Mike Hillman Jr. was the lead wrench on the No. 33 NXS team last season, but Nick Harrison returns to that role for the team in 2017. With more experience, Jones should do better, but acclimating to the downforce on the racecars will be a challenge. Mix in a new crew chief and the higher competition level in the series, 2017 will have its share of challenges for the 19-year-old Atlanta driver. Any NCWTS or ARCA plans have not been announced.
2016 NXS stats: 33 races, 0 wins, 0 top 5s, 12 top 10s, 0 poles, 14.4 avg. start, 13.8 avg. finish, 10th-place points finish.
2016 NCWTS stats: 5 races, 0 wins, 0 top 5s, 2 top 10s, 0 poles, 11.8 avg. start, 12.8 avg. finish.
Garrett Smithley: He has come out of nowhere. Smithley snuck onto the NASCAR scene in 2015, with a couple of spot starts for small NCWTS and NXS teams. He opened 2016 with no announced plans, then stepped into the JD Motorsports No. 0 Chevy, starting in the season’s second race at Atlanta Motor Speedway. He became the second Georgia-based rookie of the year candidate in 2016.
Depending on sponsorship, Smithley sometimes raced entire races on one or two sets of tires, refreshed engines, and other extremely diminished resources. But he normally kept the racecar clean and finished a few spots ahead of where he started. When the dust settled at season’s end, he was 18th in points. His two best finishes were 12th at Talladega in May and 13th in the July Daytona race. Smithley turned what had been just a three race deal into a season-long endeavor and is fairly sure that he will return to the team in 2017.
Smithley is also an iRacing driver and moonlights as a driving instructor at the Richard Petty Driving Experience, so he hones his skills beyond racing weekends. He also cold-called many of his 2016 sponsors and set up the deals – something that kept him in the racecar and will be key to his driving future.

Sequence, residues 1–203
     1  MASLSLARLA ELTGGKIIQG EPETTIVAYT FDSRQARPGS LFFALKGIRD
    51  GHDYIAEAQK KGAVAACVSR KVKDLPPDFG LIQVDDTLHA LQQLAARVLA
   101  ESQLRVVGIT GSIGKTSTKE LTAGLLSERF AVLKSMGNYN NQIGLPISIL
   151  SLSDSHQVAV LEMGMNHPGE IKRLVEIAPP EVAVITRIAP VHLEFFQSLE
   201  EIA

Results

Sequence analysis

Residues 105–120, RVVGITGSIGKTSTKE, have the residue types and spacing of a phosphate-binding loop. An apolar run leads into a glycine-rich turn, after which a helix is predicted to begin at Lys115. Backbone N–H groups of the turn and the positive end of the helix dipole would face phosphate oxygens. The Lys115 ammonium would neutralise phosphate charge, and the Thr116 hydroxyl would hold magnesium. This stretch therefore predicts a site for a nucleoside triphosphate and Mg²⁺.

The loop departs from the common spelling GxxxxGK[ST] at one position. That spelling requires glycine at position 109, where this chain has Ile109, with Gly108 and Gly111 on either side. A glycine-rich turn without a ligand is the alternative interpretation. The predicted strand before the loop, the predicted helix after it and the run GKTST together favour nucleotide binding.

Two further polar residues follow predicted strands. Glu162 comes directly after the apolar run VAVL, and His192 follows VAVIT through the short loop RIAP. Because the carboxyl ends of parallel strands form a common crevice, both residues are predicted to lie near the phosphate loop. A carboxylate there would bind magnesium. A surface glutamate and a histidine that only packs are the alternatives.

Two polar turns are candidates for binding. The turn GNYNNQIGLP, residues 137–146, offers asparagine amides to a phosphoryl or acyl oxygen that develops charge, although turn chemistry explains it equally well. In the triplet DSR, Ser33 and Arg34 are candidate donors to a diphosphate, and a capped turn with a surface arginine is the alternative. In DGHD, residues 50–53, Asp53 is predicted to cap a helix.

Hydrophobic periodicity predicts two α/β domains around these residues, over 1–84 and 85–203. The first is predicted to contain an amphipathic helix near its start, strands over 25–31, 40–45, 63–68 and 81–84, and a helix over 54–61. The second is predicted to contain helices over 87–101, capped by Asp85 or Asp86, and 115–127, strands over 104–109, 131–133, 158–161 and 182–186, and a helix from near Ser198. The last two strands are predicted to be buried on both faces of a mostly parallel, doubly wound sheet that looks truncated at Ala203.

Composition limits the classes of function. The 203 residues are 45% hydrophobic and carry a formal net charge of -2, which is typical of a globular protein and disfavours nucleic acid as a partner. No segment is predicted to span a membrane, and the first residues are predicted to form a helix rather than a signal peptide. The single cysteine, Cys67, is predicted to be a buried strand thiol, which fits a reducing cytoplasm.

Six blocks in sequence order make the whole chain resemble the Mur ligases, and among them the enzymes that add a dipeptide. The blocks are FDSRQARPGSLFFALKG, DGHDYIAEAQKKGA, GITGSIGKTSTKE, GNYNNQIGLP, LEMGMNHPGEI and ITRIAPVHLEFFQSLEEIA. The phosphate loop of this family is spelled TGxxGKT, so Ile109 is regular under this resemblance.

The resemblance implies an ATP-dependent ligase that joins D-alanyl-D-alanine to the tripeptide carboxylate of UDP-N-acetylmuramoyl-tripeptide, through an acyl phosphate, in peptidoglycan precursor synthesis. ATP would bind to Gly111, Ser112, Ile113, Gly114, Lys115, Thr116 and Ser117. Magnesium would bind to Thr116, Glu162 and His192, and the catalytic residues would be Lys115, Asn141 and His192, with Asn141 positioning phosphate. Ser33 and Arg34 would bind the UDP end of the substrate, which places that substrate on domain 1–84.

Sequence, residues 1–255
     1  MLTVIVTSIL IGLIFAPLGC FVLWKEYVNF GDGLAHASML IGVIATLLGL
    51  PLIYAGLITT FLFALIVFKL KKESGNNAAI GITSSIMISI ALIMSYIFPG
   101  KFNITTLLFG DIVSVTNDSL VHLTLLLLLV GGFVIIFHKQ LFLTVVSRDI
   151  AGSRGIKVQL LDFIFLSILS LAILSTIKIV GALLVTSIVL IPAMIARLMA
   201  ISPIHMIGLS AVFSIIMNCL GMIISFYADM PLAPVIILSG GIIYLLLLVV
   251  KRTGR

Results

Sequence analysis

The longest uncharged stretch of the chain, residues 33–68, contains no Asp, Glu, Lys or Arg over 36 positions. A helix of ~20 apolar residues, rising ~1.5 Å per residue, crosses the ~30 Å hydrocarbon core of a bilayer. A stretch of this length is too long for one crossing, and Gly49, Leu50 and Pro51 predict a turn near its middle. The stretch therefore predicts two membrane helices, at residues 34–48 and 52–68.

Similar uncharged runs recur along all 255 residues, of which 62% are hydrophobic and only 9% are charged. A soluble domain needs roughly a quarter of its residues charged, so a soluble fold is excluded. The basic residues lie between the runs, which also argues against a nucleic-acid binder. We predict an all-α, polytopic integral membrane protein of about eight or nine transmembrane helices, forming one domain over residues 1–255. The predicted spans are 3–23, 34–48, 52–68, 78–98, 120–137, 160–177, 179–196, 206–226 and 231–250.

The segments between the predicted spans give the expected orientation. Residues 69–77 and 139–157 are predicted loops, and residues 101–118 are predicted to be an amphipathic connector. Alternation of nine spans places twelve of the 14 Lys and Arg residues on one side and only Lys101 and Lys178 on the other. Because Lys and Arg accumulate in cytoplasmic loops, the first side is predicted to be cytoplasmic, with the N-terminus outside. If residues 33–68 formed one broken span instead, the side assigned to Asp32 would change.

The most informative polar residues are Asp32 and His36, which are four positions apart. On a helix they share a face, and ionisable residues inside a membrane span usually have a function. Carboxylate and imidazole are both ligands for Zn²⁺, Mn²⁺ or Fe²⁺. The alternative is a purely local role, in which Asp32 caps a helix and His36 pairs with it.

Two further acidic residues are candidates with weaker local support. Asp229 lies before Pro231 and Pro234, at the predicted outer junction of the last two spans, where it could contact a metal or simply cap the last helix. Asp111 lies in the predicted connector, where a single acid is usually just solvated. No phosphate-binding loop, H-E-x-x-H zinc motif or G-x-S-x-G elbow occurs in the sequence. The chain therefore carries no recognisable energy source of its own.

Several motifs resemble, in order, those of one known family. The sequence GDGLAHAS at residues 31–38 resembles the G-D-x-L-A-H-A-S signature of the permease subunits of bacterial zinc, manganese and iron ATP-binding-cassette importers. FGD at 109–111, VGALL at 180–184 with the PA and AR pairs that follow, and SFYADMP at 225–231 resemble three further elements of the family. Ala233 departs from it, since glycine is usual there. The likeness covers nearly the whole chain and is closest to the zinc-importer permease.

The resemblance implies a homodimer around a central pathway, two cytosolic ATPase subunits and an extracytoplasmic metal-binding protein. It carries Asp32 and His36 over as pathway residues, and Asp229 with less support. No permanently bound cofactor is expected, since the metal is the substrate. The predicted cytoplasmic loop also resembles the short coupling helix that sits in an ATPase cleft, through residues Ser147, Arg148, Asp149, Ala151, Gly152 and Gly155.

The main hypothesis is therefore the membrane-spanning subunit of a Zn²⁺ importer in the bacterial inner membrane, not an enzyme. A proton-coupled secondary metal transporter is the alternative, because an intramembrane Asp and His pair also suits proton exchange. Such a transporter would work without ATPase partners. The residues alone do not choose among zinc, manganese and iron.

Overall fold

2016 also saw Smithley run three NCWTS races. He ran at Atlanta for the Mittler Bros. and finished 18th and then two later races for SS/Greenlight Racing’s No. 07 Chevy, with tepid results.
If Smithley stays with JD Motorsports’ third car, he won’t take a step forward. But getting sidelined heading into 2017 is most certainly a step back, because out of sight is out of mind.
2016 NXS stats: 32 races, avg. start 28.2, avg. finish, 24.0, 18th-place points finish
2016 NCWTS stats: 3 races, avg. start 24.7, avg. finish 22.7
Chris Cockrum: Cockrum had a tough 2016 campaign. Cockrum and his family hired Jeff Spraker a couple of years ago to oversee his racing efforts and work on the racecars they buy to go to the track. They ran or attempted eight NXS races together in 2016 in a partnership with Rick Ware Racing, just as they had done the two seasons prior, but they did not take a step forward.
With the best restrictor plate car he has ever had, Cockrum drove conservatively and lost the draft at Daytona, finishing 28th. He then struggled heavily in worse equipment the next week at Atlanta Motor Speedway, the Conyers native’s hometrack. Cockrum had one of the NASCAR season’s heaviest hits at Talladega in May after slight contact in the draft with Smithley. He also hit the wall and crashed out at Michigan in June and practice incidents that wrecked the team’s small fleet at Richmond and Kentucky in the fall led the team to arrange backup racecars with fill-in drivers for those races.
The 2017 plans for Cockrum and the Advanced Communications Group team are, so far, unannounced. But they plan to start their own team and have a locked-in spot for the season-opening NXS races. They spent the offseason with Spraker rebuilding and restocking their racecars, but how many races they will run is still unknown.
Cockrum turned 30 in December, so he wants to be ambitious and race as much as possible, hoping to attract the bigger sponsor or team that will help him realize his racecar-driving dream. But the deck is stacked high, so 2017 success will be taking the chances he does have and driving cleanly, using the Smithley model. With some good luck and execution, he might be able to run well enough to draw notice.
2016 NXS stats: 6 races (entered 8, withdraw 2), avg. start 36.7, avg. finish 31.7, 44th-place points finish
Others: Road racing ace Andy Lally, who lives in Atlanta, ran the Mid-Ohio race and finished a head-turning 7th at Mid-Ohio, in Mario Gosselin’s No. 90 Chevy. And Cartersville’s Mark Thompson normally attempts the NXS plate races, but only got into one and finished 31st at Daytona in July. He also failed to qualify at Talladega and then qualified but switched out of the driver’s seat at the 1.5-mile Kentucky Speedway. Neither has announced any 2017 NASCAR plans.